Tuesday, February 24, 2009

These images come from the site Laff in the Dark (http://www.laffinthedark.com/articles/mp/mountainpark.htm)

The artist who did these paintings was Dominic Spadola. He created the aesthetics of the fun houses at the former New England amusement parks Mountain Park (Mt. Tom, Holyoke, MA), Lincoln Park (North Dartmouth, MA), Rocky Point(Warwick, RI), and Whalom Park (Lunenburg, MA). I am trying to find out more about him. When I was a kid my favorite part of Whalom park was the fun house.

It is crazy looking at these web sites and reading about the parks' histories, looking at pictures, and reading how strongly people feel about theses places. It fills me with a deep sense of longing for some reason. I think it has something to do with how festive and bizarre these parks were. I went to Rocky Point and Whalom Park as a kid and believed they were places, even though they were a bit dated, would not close because they were amusement parks.

Mountain, and Whalom Park started as trolley Parks. This kind of a picnic/recreation park that was located along or at the end of the trolley line. These parks were the precursor to amusement parks.

the jingle from Whalom Park ads on tv

If fun and excitement are waiting for you,
Then Whalom Park is the place for you!
Lots of rides and loads of fun,
Whalom Park for ev-ery-one!
Fun and excitement,
A place to unwind,
Whalom Paaaark...for a whale of a time!
Whalom Park, you'll have a good time

here are some links to articles and pictures about these parks

Lincoln Park:

Mountain Park on Mt. Tom:

Rocky Point:

Whalom Park:

In the basement of Mass MoCA

Currently Mass MoCA gets 5% of its energy from solar panels on top of the museum's roof.

The Sol LeWitt: A Wall Drawing Retrospective is open and will be up for the next 25 years. The gallery space for the work looks amazing. There also is a nice video showing the apprentices creating the work. There was over 60 people working on the drawings during the install, that should be an indicator of how much work is the space. It spans three floors specially renovated for the retrospective with earliest work on the first floor to later work on the top floor. Personally my least favorite work was in his mid career.

In the largest gallery Simon Starling: The Nanjing Particles

Here is what the museum has written about Starling.

"Starling investigates the social, cultural, and material implications of object-making, examining how his own artistic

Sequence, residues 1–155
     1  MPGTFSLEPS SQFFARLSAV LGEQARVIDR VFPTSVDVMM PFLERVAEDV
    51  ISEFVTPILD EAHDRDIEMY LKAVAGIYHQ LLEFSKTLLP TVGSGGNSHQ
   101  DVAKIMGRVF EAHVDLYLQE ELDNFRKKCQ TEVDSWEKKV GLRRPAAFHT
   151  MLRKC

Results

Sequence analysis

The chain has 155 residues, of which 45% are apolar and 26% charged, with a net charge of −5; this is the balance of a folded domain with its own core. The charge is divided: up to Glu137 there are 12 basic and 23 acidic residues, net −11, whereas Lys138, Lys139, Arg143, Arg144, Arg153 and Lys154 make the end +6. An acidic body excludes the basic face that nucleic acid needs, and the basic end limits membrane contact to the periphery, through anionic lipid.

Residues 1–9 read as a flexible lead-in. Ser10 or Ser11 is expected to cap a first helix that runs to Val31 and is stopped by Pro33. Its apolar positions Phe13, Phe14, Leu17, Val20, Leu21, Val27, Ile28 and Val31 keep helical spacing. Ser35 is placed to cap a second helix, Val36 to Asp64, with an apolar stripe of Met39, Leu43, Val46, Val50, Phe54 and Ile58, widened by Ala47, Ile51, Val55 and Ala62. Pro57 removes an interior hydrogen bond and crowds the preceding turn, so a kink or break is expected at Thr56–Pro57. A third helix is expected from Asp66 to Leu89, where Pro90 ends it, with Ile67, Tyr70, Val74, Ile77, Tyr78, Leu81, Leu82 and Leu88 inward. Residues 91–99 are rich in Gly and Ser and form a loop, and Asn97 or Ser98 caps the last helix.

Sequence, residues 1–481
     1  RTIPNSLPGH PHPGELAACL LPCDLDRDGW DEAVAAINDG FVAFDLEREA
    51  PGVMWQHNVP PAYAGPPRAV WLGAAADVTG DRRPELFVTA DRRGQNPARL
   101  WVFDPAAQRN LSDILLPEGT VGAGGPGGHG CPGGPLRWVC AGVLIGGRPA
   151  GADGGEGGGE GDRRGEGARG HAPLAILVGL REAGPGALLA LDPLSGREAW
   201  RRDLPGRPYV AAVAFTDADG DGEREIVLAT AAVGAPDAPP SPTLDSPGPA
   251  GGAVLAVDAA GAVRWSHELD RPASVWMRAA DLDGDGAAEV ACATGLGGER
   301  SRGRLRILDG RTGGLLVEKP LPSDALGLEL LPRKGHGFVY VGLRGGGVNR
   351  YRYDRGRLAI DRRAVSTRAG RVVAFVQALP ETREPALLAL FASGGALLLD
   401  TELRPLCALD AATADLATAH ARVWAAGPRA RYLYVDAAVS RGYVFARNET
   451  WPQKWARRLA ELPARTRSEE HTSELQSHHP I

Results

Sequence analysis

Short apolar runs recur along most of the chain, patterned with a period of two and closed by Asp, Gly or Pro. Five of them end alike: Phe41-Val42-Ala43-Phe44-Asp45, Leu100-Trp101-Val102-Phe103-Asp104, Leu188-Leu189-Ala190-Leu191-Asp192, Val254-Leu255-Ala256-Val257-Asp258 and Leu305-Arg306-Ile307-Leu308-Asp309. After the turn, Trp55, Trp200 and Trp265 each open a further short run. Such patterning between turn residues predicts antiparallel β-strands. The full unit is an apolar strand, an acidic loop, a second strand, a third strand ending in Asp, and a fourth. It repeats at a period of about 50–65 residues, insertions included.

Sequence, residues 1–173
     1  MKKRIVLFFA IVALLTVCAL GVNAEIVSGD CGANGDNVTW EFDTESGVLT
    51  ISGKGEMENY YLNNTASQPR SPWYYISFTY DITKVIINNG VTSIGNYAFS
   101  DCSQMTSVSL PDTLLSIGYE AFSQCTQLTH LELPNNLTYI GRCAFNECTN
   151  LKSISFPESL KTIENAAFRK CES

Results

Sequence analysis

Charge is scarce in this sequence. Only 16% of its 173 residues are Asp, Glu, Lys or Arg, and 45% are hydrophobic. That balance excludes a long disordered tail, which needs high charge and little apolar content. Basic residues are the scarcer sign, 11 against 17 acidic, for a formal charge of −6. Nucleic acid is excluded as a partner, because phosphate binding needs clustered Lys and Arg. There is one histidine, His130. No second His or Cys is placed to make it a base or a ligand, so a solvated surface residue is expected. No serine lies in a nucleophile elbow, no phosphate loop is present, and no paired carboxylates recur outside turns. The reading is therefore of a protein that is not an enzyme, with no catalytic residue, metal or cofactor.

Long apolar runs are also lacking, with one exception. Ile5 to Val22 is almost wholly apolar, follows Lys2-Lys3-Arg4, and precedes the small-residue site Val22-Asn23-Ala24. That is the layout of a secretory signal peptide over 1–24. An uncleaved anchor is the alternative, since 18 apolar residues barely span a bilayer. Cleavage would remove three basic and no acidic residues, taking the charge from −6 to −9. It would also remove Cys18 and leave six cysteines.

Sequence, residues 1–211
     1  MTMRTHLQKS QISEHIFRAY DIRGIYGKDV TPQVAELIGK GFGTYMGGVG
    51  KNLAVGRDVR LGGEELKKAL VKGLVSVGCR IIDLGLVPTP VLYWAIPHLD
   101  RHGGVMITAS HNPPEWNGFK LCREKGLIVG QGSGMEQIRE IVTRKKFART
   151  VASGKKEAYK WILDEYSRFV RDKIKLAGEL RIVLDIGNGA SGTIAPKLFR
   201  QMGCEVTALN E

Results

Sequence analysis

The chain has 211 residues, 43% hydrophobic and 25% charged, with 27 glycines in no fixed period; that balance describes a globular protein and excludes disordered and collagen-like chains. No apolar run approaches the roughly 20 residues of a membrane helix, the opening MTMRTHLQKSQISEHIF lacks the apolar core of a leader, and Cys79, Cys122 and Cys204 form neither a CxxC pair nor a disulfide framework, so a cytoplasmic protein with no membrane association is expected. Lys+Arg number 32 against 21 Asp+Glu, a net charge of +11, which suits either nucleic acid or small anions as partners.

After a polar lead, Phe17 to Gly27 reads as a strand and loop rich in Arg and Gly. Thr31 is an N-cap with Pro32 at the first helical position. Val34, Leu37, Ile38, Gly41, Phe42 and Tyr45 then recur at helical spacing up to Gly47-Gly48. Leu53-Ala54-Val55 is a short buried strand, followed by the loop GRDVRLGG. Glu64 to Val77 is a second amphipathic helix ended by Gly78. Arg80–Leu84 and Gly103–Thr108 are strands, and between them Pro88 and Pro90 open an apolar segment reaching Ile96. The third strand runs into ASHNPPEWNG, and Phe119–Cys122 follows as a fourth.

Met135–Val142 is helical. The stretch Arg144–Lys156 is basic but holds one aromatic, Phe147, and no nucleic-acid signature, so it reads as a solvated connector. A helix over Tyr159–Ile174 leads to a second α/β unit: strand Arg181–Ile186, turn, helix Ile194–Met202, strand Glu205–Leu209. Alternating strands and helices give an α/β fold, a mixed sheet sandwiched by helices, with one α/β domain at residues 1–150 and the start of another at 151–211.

processes overlap with industrial production. Engaging with MASS MoCA’s industrial past, Starling’s installation began
with an 1875 photograph of a group of Chinese immigrant workers brought to North Adams to break a strike at the
Sampson Shoe Company (once located on what is now MASS MoCA’s campus). Literally and figuratively mining this image,
Starling extracted silver grains from the photograph and presents these particles as stainless steel forms enlarged one
million times their original microscopic size. Forged and hand polished by workers in Nanjing, China, the sculptures
connect the museum’s past and present to global economic conditions. The shiny forms reflect the museum’s historic
architecture as well as the visitors who have replaced workers in the space."

Up on the second floor at the back of the large gallery there are tables set up with documentation of the process of making The Nanjing Particles. There were contact sheets for the enlarging of the images of the silver taken from the photo to create the silver objects in the installation. Also on the table were books documenting this project and other projects Starling has worked on.

After spending time in North Adams this summer and learning more about the history of the town and the Mass MoCA campus I really appreciated this work.

On a side note, the surfaces of the silver sculptures reflectected the ceiling and the windows of the building in a very exciting way.


it is chilly.

I was rejected from Vox Populi in Philly this weekend, and rejected from Smack Mellon's (in New York) residency program but was named a "hot pick", so I will be on their web site.

Monday, February 16, 2009

The Amherst Community Art Center closed this month. It was a non-profit art space that offered classes in ceramics, painting, jewlery, comics, and a variety of other classes and a camp called Art for All. It wasn't able to keep afloat due to the current financial situation.

Sunday, February 01, 2009

There is only a couple days left for the online art auction benefiting the Kinji Akagawa interdisciplinary scholarship fund at the Minneapolis College of Art and Design. There are some great pieces by Molly Roth, Ursula Husted, Robin Cotton, Bethany Kalk, Erica Ritzel, Mitchell Dose, Adam Collignon, Jennifer Hibbard, Paul Shambroom, Sharon Koelblinger, Todd Norsten, and many more! I have a piece in it too.

follow this link